USER. This option implies the -a option. This option may also be used with the
open command.

-n tracefile
Opens tracefile for recording trace information. See the set tracefile command
below.

-r Specifies a user interface similar to rlogin(1). In this mode, the escape character
is set to the tilde (~) character, unless modified by the -e option.

-x Turns on encryption of the data stream if possible. This option is not available
outside of the United States and Canada.

host Indicates the official name, an alias, or the Internet address of a remote host.

port Indicates a port number (address of an application). If a number is not specified,
the default telnet port is used.

When in rlogin mode, a line of the form ~. disconnects from the remote host; ~ is the
telnet escape character. Similarly, the line ~^Z suspends the telnet session. The line ~^]
escapes to the normal telnet escape prompt.

Once a connection has been opened, telnet will attempt to enable the TELNET LINEMODE option.
If this fails, then telnet will revert to one of two input modes: either “character at a
time” or “old line by line” depending on what the remote system supports.

When LINEMODE is enabled, character processing is done on the local system, under the
control of the remote system. When input editing or character echoing is to be disabled,
the remote system will relay that information. The remote system will also relay changes to
any special characters that happen on the remote system, so that they can take effect on the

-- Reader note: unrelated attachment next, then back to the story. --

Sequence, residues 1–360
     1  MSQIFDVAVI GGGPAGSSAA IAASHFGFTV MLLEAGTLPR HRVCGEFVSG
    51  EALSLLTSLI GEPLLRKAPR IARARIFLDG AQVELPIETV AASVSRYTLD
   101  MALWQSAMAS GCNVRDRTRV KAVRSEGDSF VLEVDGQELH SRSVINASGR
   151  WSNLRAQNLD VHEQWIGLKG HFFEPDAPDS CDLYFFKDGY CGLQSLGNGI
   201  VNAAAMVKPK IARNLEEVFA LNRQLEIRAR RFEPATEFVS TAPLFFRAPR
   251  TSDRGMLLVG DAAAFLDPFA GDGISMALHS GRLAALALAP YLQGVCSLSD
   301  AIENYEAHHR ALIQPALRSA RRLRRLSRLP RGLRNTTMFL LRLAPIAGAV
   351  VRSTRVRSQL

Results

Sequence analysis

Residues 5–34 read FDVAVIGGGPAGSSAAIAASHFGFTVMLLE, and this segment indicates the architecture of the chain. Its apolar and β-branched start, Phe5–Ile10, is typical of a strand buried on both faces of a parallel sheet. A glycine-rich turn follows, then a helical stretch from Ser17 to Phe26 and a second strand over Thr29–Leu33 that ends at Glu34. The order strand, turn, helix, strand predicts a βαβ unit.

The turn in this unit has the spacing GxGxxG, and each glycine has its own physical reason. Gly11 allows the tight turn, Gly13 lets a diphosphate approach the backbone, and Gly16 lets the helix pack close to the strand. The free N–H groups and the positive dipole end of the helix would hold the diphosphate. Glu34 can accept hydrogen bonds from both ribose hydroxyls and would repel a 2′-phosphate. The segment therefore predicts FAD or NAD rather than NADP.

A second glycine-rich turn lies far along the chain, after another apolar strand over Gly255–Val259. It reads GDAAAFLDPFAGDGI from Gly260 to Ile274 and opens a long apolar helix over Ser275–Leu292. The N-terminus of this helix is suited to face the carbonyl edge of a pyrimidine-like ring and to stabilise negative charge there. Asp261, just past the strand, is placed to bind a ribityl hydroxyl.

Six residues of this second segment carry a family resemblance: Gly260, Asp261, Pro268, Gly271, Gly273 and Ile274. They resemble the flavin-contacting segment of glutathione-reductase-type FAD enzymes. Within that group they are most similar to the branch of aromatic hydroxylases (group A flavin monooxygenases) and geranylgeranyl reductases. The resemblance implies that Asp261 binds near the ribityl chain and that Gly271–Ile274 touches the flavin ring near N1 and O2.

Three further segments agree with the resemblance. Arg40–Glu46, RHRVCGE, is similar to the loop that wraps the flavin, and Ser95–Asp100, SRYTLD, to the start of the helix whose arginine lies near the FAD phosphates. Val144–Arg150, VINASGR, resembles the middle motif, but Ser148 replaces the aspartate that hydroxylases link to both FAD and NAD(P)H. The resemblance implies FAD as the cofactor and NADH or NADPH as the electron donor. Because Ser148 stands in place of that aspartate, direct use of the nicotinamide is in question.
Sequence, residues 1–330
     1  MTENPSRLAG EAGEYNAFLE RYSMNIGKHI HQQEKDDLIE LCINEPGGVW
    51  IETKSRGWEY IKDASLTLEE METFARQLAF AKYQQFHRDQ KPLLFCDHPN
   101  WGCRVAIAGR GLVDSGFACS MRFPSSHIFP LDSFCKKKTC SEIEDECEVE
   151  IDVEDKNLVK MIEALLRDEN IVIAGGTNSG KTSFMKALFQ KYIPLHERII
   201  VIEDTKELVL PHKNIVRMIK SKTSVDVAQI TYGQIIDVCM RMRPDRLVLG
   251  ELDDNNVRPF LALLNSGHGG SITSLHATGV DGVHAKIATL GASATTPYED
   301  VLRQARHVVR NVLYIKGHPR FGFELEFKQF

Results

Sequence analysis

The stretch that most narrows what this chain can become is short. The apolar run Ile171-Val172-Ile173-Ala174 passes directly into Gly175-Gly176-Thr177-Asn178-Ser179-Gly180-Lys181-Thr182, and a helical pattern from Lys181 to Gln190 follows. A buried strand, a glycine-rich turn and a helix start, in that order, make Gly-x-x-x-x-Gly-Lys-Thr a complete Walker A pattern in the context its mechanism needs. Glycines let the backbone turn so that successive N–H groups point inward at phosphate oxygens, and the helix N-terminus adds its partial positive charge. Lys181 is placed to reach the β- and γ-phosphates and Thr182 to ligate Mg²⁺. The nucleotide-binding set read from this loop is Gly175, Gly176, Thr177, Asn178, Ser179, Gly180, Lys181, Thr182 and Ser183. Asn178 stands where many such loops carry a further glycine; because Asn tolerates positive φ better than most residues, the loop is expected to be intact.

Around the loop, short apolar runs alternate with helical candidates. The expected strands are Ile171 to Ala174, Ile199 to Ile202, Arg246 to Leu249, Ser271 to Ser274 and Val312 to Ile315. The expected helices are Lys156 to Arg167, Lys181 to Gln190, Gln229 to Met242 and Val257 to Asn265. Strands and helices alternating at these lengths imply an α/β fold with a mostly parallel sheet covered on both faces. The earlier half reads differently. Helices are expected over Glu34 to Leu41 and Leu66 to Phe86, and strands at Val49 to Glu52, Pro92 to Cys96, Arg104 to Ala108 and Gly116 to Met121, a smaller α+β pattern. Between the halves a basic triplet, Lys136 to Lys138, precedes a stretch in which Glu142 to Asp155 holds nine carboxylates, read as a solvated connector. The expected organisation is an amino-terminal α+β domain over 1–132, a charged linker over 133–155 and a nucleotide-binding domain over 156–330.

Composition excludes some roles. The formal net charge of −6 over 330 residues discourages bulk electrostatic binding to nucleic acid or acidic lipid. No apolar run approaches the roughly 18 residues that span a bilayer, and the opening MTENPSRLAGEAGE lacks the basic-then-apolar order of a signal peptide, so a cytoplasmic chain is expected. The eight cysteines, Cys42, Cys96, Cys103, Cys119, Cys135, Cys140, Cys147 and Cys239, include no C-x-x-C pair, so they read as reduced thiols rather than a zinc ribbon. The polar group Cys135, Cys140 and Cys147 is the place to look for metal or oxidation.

local system.

In “character at a time” mode, most text typed is immediately sent to the remote host for
processing.

In “old line by line” mode, all text is echoed locally, and (normally) only completed lines
are sent to the remote host. The “local echo character” (initially “^E”) may be used to
turn off and on the local echo (this would mostly be used to enter passwords without the
password being echoed).

If the LINEMODE option is enabled, or if the localchars toggle is TRUE (the default for “old
line by line“; see below), the user's quit, intr, and flush characters are trapped locally,
and sent as TELNET protocol sequences to the remote side. If LINEMODE has ever been
enabled, then the user's susp and eof are also sent as TELNET protocol sequences, and quit
is sent as a TELNET ABORT instead of BREAK There are options (see toggle autoflush and
toggle autosynch below) which cause this action to flush subsequent output to the terminal
(until the remote host acknowledges the TELNET sequence) and flush previous terminal input